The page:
Amid drilling bans, mineral rights owners mourn losses

By Jennifer Yachnin | 01/13/2015 01:04 PM EST

DENVER — Colorado resident Bill Peltier can trace his roots in the Centennial State back four generations, and since the time his great-grandfather arrived in the mid-1800s, the family has relied on its ownership of mineral rights to produce income.

DENVER — Colorado resident Bill Peltier can trace his roots in the Centennial State back four generations, and since the time his great-grandfather arrived in the mid-1800s, the family has relied on its ownership of mineral rights to produce income.

But Peltier is worried the income source could dry up for future generations as Colorado jurisdictions put temporary or permanent restrictions on new energy developments within their boundaries.

"We’re not a big company, we’re not rich," said Peltier, who owns about 1,500 acres of mineral rights in places including Boulder, where the Board of County Commissioners approved a moratorium on new energy development through mid-2018. "We’ve been here for 150 years, and we’ve never left the state. We’re a regular family, we’re nothing special."


He added: "Everybody thinks it’s big businesses, and there’s no one impacted but Anadarko and whoever … but there’s a lot of regular people who depend on the royalties for the minerals."

Mineral rights owners like Peltier are hoping a pair of bills introduced in the Colorado state Legislature could help guarantee an income stream, even if voters or local lawmakers opt to halt oil and gas developments — something that a half-dozen cities and counties in Colorado have pursued in recent years.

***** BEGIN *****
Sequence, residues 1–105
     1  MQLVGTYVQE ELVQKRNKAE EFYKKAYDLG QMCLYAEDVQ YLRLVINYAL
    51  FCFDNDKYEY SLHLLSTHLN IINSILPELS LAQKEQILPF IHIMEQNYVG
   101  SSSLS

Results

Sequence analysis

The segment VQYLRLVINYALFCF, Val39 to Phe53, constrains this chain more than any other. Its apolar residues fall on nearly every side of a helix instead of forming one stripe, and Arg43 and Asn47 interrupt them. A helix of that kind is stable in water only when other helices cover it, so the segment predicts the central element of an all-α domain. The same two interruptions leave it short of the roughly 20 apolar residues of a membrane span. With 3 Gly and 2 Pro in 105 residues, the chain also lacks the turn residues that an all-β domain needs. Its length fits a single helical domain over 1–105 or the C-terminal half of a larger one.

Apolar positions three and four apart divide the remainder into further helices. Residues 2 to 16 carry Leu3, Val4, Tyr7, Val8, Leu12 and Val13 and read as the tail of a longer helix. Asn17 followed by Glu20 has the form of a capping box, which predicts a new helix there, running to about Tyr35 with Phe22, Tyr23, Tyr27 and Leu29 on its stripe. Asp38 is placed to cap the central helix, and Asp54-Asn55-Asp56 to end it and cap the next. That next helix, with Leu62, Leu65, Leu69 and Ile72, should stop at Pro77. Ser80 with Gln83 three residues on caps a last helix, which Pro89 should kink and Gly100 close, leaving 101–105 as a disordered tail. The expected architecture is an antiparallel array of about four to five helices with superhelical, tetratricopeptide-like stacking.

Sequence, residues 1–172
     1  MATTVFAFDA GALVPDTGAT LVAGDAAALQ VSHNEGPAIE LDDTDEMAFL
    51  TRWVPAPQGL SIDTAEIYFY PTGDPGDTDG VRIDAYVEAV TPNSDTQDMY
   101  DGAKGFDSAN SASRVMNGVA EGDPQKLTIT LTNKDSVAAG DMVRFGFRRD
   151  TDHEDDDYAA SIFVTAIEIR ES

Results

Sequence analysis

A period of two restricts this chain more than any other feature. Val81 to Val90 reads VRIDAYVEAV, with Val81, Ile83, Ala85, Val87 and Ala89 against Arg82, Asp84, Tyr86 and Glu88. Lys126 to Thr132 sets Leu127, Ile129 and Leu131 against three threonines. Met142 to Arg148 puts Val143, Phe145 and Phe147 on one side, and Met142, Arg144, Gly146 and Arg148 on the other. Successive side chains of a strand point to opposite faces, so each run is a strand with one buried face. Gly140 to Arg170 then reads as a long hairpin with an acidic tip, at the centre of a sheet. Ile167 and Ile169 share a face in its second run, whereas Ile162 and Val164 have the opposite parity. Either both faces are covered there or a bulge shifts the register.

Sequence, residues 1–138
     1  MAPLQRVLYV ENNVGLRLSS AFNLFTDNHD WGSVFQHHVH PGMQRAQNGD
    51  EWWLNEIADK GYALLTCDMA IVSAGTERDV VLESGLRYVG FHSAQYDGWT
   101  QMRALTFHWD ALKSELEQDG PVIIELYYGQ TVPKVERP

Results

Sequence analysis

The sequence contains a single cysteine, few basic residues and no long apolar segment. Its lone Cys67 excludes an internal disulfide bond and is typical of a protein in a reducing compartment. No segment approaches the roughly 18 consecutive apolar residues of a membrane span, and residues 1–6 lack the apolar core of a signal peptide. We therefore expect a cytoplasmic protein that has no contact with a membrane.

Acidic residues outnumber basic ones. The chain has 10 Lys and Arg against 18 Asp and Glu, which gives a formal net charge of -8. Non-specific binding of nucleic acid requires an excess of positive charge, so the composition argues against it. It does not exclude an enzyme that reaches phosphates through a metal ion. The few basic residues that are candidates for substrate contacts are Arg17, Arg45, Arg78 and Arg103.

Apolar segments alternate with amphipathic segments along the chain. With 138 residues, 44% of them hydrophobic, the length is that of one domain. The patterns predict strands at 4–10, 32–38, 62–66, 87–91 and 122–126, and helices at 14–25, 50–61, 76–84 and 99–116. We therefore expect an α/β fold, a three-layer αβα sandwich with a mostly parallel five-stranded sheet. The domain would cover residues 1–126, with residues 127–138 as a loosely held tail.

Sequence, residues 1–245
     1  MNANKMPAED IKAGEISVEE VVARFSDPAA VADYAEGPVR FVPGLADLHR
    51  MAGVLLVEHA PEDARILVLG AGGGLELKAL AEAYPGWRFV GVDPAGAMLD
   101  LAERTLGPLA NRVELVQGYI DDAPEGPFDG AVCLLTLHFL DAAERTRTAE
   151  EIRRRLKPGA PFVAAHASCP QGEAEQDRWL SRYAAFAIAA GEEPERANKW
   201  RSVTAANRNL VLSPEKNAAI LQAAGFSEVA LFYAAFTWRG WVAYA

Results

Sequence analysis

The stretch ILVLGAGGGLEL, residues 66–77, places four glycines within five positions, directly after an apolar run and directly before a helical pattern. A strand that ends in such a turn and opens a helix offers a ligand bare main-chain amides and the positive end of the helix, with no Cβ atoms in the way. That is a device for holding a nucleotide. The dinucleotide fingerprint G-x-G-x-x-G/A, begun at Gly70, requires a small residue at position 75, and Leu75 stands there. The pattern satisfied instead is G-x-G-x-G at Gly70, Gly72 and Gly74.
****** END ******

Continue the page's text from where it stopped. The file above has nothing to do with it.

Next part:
Both state Rep. Perry Buck (R) and state Sen. Jerry Sonnenberg (R) have authored bills this session that would require local jurisdictions to compensate mineral rights owners when moratoriums or bans on new development limit access to their properties.

"I have people come to me and say if they do some of this, I won’t be able to access my property rights, and that didn’t make sense to me," said Sonnenberg, who serves as chairman of the state Senate Agriculture, Natural Resources and Energy Committee.

Although mineral rights owners would still be required to file lawsuits to procure a payment — suing the government via "takings" law, in which a property owner argues that regulation of his or her land is equivalent to eminent domain and the landowner should receive compensation — Sonnenberg said his bill would help ease that process.

"What my bill does is actually clarify those takings statutes … that indeed according to the Colorado Constitution mineral rights are property," Sonnenberg said.

The Republican lawmaker, who said he is not aware of any takings cases filed to date over bans in the state — although lawsuits have overturned bans in Fort Collins, Longmont and Lafayette, and could also do so in Broomfield — described the bill as a pre-emptive measure.

In an effort to fend off a host of ballot initiatives in the 2014 elections, Colorado Gov. John Hickenlooper (D) proposed a special Oil and Gas Task Force charged with issuing recommendations on how to balance state and local control of energy development.

The 21-member panel, which meets this week in Greeley, is faced with a February deadline to issue its proposals, and the Legislature could be asked to pass related bills this session.

But Colorado legislators have expressed doubt that the task force will achieve its mission and warned voters could be faced with a new round of local or state initiatives (EnergyWire, Jan. 6).

Sonnenberg said he believes his bill could draw bipartisan support in the narrowly divided Senate, where Republicans claim a one-seat majority, and projected optimism about its chances in the House, where Democrats claim a three-seat majority.

"I think it has a good chance of passing. It’s common sense to protect somebody’s property. That value needs to be protected," Sonnenberg said.